Mary and Elsie Kingwell

by | Jan 18, 2023

Elsie and Mary Kingwell in Wally and The Widow 1907, Victoria Theatre, Newcastle
In 1907, young Newcastle sisters Elsie (b1894) and Mary (b1896) Kingwell were receiving some very positive press as young actors.

Daughters of Edwin Kingwell, born in Geelong in 1862, and Mary A Rodgers – married 1884.

This promotional postcard was for their performance at The Victoria Theatre on 30 July 1907 before heading to England.

In June, Elsie and Mary performed at St James’s Hall in Sydney in ‘the first of three musical and dramatic entertainments’.

Article re The Kingwell Recitals - Sydney Morning Herald 5 June 1907

The Newcastle Morning Herald and Miners Advocate reported on 10 July 1907:

‘Elsie and Mary Kingwell, the talented child actresses of Newcastle, will appear in the Victoria Theatre on Tuesday, 30th instant, under direction of Mr A Bertram Flohm. Since they first attracted attention in elocutionary competitions in this district, the little Misses Kingwell have appeared with great success in Sydney and are about to undertake a tour of the world. The programme for their coming recital includes the comedy ‘Wally and the Widow’ and a scene from ‘King John’.

Victoria Theatre – The Little Kingwells (Review)
Newcastle Morning Herald and Miners’ Advocated, Wednesday 31 July 1907
Newcastle, which has long been noted for the excellence of its juvenile talent, tendered a fitting farewell to its two clever child actresses, Elsie and mary Kingwell, last night, when a crowded audience gathered at the Victoria Theatre to hear those gifted young artistes prior to their embarking on a professional tour of the Commonwealth.
In a district such as this where the standard of development in juvenile work is admittedly high, there is always the danger of exceptionally gifted children not receiving from the public that attention which is so helpful. In this respect, credit must be given to Mr A Bertram Flohm, of Sydney, who, in his position as adjudicator at the Wallsend Eisteddfod, recognised the latent merit of the two little girls. Mr Flohn regards them as worthy successors of his clever pupil, Wanda Radford, the eleven-year-old child now famous in Europe.

The programme last night was opened by Miss Mary Kingwell who, daintily attired in a pretty pink frock, recited with much natural charm a neatly arranged prologue from the pen of Miss Mildred Scott Holland. Miss Mary’s other item was the humorous sketch “Just ‘Afore Christmas” in which, attired in boy’s costume, she related the pranks and escapades of a youngster who is ‘as good as he can be’ at the merry season suggested by the title. The impersonation was distinctly clever.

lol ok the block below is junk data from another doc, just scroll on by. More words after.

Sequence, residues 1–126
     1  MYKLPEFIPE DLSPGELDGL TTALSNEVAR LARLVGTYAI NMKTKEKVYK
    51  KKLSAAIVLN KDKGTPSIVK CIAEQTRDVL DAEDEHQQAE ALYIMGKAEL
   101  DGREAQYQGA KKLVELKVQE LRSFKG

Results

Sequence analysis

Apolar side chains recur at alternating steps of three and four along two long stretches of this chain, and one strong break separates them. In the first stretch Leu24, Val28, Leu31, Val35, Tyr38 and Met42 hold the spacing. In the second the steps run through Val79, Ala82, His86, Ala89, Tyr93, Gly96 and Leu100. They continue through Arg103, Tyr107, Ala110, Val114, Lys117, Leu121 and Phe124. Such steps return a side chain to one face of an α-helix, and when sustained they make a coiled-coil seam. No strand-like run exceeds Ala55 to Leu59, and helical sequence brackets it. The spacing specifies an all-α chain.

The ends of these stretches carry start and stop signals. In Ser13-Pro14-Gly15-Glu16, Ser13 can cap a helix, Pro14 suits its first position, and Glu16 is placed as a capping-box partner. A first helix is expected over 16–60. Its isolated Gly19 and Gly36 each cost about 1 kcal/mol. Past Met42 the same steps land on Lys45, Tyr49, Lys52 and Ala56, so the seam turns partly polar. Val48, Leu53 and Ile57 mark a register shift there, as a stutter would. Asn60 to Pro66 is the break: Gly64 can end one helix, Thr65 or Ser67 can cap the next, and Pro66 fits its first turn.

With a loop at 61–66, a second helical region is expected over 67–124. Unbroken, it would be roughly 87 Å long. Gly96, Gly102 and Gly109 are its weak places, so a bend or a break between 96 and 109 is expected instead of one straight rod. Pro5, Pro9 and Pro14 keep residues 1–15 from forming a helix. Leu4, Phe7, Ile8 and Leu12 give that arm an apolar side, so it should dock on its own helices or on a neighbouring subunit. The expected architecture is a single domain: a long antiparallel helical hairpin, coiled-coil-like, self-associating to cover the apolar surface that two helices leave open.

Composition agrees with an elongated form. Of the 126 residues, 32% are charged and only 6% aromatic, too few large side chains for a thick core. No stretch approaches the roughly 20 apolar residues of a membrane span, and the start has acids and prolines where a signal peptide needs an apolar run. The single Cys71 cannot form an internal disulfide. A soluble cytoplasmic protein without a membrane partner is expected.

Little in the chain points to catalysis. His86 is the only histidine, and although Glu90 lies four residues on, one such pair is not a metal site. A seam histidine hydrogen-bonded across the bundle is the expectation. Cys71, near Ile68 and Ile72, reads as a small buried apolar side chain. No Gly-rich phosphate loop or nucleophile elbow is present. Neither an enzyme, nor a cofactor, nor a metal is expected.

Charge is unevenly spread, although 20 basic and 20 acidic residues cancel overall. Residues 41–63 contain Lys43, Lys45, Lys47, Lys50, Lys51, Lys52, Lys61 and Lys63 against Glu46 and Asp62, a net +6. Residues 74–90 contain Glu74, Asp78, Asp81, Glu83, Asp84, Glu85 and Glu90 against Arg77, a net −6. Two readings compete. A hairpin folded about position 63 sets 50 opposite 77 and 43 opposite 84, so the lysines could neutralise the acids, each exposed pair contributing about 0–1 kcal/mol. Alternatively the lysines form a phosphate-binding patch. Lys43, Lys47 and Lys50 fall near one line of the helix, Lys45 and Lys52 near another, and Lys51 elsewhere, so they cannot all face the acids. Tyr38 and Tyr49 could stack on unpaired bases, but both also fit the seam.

Miss Elsie Kingwell has a sweet voice and a pleasing stage appearance, free from any artificiality. She was heard in several recitals of a varied character. her sketch, “Poor Little Joe”, showed her as a shoeblack in tatters carrying home to her attic a few flowers for her little pal who expires in her arms. The pathos was admirable. She was later heard in some stories of a brother and more cheerful kind, “Little Boy Blue”, “The Butterflies’ Fad” and “Charlotte Russe” (a tragedy of an Easter dinner), in each of which she proved herself inimitable in the portrayal (sic) of child life.

The sisters joined in giving, in appropriate costume, a scholarly interpretation of the “Hubert and Arthur” scene in the play “King John”, the emotional excellence of Miss mary Kingwell’s acting being fine indeed. The start item of the night was, however, the comedy “Wally and The Widow”, Miss Elsie, as a widow of 35, taking her part with grace and ease. The rebellious boy “Wally”, who rules the home, is cleverly impersonated by Miss Mary. The comedy is only a brief one, but is full of fun.


There are quite a few mentions of Elsie and Mary Kingwell in the newspapers of the day, including a fundraising concert for the Newcastle branch of the Missions to Seamen in June 1911 in which they performed a scene from Romeo and Juliet.

Death of their father, Edwin Kingwell

The achievements of young Elsie and Mary are even more significant when seen in light of their father’s death in 1906.

Edwin Kingwell, a butcher, was found dead in the water at Warners Bay with a ‘superficial’ wound to his throat. The inquest into Edwin’s death, held at Speers Point Hotel, found his death was likely by suicide.

Edwin Kingwell was buried at Teralba Cemetery and his death notice in the Newcastle Morning Herald and Miners’ Advocate reads, ” … in his 43rd year, interred in Teralba Cemetery February 2nd, 1906. Oh! God, that men could see a little clearer or judge less harshly where they cannot see.”


Did Elsie and Mary go on to tour the world? We know they certainly did performances in different parts of NSW.

A quick look at records shows that Mary Kingwell (1896 – 1985) married Norman Wortley Burley (1891 – 1970) in 1919 in Mosman, NSW. Their infant son, Bruce McLean, b1920 – d 27 January 1921.

Elsie Kingwell married Francis B Harrison in Hamilton in 1919. It is possible they had twin sons in 1922.

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